A few days ago the Prime Minister, in his national televised address spoke of the need for India to be ‘self-reliant’ …. Who will want to contest that? Yes, self-reliance is definitely a desirable goal. It is pretty embarrassing that India, which supplies doctors and nurses to the hospitals of the world and has been supplying medical equipment and medicines, has had to import elementary personal protection equipment such as gloves and masks for health workers. It is also importing the test-kits. Twenty years ago India used to produce most of its active pharmaceutical ingredients, but now it is dependent on imports, largely from China, and its big pharma industry makes a large range of generic drugs. In the post-1990 liberalisation phase, India has been dismantling, selling off many of its public sector vaccine and drug factories, and now 80 per cent of India’s requirement of vaccines is met by private firms that sell 10 times the price of public sector producers which produced very cheap drugs. This pandemic is the time to build a public health infrastructure. Public health activists in India have been campaigning for years for the state to expand public health spending.

Scientists and scholars are now convinced of the spread of diseases globally and its link with Deforestation - ecological destruction and emergence of massive mono-cultures. We have been seeing environmental destruction across our country for the past decades, the rivers are polluted, the air is unbreathable, the forests are being cleared and the mountains being cut for more motorised roads. The wildlife is fleeing where it can. But these are issues that are taken up by ecologists only. Unfortunately public health is not seen as directly connected with our environment and our food and water supply etc. Progressive movements must learn to connect the dots. Studies show the patterns of deforestation associated with the recent outbreaks of other coronaviruses, SARS-CoV [1] and MERS-CoV [2], as well as other animal-borne diseases, including Ebola, dengue fever. There is much evidence to suggest that this current COVID19 pandemic is part of a larger global trend. . . . Militarised security is not going to get us out of the problem, a socially conscious society concerned about health and ecology must put pressure on policymakers and political parties to help stop the destruction of the environment that is connected with the spread of diseases.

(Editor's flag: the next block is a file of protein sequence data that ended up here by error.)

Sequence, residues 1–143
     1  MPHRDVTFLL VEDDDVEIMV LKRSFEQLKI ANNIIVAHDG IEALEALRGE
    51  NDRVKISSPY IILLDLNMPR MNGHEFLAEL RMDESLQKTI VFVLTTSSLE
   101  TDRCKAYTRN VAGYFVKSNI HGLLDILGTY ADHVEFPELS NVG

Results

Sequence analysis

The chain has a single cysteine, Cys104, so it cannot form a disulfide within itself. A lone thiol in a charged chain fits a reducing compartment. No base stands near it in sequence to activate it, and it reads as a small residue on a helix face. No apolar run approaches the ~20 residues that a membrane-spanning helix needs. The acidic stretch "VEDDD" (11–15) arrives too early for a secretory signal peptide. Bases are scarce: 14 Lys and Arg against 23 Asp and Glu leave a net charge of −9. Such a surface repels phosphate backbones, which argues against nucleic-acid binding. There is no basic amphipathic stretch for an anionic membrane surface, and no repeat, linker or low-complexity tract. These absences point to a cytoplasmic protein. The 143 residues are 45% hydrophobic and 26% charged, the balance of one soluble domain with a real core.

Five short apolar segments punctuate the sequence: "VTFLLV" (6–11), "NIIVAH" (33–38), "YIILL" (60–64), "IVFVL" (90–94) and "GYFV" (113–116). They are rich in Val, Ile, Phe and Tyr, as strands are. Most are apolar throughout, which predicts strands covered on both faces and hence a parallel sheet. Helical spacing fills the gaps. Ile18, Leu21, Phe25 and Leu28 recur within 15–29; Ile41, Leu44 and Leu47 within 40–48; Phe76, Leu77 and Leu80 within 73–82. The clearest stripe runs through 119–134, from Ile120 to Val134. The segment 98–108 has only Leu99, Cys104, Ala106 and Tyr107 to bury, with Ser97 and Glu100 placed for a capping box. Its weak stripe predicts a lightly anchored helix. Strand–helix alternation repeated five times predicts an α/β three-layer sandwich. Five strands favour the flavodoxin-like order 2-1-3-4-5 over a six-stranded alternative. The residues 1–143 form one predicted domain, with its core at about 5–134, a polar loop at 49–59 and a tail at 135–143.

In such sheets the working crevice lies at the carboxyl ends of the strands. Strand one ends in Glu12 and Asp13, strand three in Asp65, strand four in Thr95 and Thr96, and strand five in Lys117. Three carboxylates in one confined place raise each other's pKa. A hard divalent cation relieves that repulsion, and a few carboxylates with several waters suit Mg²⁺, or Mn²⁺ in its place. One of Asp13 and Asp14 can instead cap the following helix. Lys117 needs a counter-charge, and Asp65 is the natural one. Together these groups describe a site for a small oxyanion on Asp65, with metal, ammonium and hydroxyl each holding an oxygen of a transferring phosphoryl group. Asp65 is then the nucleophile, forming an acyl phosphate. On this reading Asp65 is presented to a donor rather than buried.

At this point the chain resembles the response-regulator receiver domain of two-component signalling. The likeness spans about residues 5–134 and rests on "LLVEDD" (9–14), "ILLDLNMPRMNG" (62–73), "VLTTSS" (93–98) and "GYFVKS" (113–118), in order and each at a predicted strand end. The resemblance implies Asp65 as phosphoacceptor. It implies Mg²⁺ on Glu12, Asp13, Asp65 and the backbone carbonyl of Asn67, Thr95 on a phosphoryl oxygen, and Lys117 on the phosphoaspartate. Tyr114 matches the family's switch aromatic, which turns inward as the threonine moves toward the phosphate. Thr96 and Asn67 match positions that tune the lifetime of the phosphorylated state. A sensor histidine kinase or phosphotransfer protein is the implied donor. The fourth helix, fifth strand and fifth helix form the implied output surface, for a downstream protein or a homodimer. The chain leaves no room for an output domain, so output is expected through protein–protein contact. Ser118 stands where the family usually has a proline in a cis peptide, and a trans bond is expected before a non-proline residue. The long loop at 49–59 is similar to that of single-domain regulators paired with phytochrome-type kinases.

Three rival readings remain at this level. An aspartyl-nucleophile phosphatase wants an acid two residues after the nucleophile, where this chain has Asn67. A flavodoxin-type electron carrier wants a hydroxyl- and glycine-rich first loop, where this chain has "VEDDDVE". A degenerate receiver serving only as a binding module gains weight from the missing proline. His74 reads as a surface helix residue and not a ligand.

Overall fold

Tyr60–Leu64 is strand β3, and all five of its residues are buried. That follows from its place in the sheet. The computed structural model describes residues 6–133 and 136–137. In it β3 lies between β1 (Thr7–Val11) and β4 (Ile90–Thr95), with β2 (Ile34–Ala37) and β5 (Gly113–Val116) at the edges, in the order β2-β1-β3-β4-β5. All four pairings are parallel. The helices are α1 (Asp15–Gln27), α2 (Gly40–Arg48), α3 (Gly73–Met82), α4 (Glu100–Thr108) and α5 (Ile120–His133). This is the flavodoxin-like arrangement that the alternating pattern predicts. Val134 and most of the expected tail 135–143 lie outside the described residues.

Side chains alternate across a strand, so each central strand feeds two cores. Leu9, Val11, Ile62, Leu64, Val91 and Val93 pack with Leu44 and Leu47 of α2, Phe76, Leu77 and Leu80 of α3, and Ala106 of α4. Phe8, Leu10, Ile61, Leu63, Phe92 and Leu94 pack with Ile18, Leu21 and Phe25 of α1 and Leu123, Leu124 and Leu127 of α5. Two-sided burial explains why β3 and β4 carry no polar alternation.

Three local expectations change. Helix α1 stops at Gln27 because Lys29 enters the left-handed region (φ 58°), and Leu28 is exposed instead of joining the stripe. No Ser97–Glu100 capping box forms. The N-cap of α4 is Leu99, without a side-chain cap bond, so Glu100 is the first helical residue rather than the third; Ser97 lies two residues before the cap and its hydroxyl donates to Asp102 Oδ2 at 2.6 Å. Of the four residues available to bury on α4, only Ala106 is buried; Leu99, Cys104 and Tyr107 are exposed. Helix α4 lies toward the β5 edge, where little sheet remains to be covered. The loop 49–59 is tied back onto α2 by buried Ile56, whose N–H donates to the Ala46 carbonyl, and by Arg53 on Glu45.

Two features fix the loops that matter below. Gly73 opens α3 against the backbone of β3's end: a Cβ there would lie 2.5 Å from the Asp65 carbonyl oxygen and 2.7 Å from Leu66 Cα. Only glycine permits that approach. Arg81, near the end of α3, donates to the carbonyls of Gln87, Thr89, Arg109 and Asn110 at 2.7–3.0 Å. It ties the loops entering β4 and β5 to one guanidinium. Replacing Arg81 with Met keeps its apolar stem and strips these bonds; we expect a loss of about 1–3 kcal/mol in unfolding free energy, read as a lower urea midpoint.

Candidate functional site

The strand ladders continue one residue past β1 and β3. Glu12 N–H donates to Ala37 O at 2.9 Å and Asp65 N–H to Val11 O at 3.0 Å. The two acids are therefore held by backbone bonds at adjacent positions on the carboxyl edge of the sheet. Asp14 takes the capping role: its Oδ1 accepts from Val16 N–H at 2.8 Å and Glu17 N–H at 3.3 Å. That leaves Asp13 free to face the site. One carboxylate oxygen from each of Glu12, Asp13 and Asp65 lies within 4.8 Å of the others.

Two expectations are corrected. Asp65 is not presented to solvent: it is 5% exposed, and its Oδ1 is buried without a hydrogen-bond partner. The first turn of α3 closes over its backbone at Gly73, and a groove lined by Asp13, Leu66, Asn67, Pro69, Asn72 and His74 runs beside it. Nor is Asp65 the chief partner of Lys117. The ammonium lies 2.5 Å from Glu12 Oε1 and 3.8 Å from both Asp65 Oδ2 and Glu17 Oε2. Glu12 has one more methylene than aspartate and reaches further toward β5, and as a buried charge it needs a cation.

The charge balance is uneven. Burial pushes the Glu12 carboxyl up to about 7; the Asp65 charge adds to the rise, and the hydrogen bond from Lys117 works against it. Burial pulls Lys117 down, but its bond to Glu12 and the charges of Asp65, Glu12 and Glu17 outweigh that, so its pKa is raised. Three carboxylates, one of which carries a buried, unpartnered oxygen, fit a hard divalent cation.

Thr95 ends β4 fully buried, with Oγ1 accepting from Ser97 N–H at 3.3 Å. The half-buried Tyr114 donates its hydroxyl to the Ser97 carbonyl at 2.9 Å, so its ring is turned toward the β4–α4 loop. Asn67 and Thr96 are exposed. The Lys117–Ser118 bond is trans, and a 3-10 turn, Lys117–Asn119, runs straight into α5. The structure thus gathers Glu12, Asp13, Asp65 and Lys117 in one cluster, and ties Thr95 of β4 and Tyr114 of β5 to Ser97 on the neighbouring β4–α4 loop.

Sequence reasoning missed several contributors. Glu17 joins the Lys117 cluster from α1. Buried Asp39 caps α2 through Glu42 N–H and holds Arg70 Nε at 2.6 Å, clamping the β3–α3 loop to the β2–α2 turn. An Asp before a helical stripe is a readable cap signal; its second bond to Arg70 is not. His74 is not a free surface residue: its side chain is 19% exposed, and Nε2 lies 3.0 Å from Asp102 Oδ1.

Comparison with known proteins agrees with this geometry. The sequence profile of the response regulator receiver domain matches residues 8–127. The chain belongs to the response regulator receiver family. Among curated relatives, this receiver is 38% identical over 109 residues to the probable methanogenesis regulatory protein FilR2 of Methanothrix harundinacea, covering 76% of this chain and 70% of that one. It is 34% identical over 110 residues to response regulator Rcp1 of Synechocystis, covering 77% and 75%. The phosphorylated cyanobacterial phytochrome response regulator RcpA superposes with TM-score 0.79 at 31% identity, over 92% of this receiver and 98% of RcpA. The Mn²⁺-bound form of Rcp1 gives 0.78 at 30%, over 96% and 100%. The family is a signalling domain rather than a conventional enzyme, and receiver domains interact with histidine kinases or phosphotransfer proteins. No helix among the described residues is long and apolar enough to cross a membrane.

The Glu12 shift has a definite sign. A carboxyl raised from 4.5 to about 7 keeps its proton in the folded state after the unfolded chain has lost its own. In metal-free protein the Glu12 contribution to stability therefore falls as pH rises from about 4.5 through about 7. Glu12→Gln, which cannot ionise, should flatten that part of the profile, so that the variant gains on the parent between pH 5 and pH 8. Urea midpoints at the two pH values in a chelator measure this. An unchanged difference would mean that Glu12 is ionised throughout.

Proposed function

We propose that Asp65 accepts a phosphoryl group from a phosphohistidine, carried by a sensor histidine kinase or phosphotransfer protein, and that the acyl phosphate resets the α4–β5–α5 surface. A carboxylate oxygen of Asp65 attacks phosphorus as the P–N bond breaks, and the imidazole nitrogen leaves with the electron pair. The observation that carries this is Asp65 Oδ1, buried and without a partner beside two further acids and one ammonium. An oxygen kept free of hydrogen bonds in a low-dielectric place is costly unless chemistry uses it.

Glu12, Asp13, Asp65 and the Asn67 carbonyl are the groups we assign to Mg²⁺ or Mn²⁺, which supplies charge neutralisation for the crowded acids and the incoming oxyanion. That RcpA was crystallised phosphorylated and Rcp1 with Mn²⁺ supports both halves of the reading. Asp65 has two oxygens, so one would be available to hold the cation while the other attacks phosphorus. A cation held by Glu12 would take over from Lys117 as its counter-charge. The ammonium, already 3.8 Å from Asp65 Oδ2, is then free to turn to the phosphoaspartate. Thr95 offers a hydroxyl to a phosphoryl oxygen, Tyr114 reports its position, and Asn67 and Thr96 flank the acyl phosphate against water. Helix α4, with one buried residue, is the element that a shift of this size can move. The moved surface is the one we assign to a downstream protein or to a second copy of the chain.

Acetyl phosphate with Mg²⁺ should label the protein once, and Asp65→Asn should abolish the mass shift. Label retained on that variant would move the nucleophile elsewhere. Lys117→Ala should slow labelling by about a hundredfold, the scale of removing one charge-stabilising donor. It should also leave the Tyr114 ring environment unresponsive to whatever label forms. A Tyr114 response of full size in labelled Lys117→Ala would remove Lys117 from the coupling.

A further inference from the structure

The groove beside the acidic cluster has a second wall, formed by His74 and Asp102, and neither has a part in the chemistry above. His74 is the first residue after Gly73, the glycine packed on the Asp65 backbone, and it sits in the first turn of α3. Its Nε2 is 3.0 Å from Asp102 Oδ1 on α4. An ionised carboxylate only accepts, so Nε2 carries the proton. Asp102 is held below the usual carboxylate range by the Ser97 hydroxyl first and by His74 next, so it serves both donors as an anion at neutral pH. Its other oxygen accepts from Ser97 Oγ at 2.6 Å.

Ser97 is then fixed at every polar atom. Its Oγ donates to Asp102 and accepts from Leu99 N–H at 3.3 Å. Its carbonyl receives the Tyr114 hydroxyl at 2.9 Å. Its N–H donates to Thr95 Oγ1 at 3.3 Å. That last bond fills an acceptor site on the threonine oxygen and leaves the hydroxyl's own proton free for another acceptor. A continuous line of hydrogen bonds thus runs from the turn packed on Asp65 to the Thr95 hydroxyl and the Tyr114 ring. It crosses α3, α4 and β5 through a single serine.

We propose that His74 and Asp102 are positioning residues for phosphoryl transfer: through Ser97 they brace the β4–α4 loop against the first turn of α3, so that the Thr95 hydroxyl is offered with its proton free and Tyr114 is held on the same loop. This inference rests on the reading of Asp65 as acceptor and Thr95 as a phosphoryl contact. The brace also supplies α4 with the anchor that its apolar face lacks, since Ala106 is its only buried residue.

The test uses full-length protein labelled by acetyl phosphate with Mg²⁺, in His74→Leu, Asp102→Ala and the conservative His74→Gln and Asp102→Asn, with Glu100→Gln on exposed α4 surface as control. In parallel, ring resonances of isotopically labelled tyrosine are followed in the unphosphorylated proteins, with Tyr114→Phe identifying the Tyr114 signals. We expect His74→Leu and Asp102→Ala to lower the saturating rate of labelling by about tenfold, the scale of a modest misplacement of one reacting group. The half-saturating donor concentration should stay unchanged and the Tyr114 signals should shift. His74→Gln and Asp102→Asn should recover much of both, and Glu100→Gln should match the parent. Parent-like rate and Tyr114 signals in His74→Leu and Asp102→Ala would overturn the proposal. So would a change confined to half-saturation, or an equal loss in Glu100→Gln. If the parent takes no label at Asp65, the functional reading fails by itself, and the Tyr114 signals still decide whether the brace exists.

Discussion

o o

We offer our sincere homage to several notable personalities whom we have lost in the last few days, they include the noted expert in Indo Russian relations Professor Hari Vasudevan of Calcutta University, eminent sociologist Professor Yogendra Singh of the JNU, New Delhi, distinguished scholar, freedom fighter, literary figure Professor Anisuzzaman from Bangladesh, and a prominent writer and novelist Debesh Roy of West Bengal.

May 16, 2020 The Editor


[1ccoronavirus, SARS-CoV-2

[2MERS-CoV was identified in 2012 as the cause of Middle East respiratory syndrome (MERS)

Notice: The print edition of Mainstream Weekly is now discontinued & only an online edition is appearing. No subscriptions are being accepted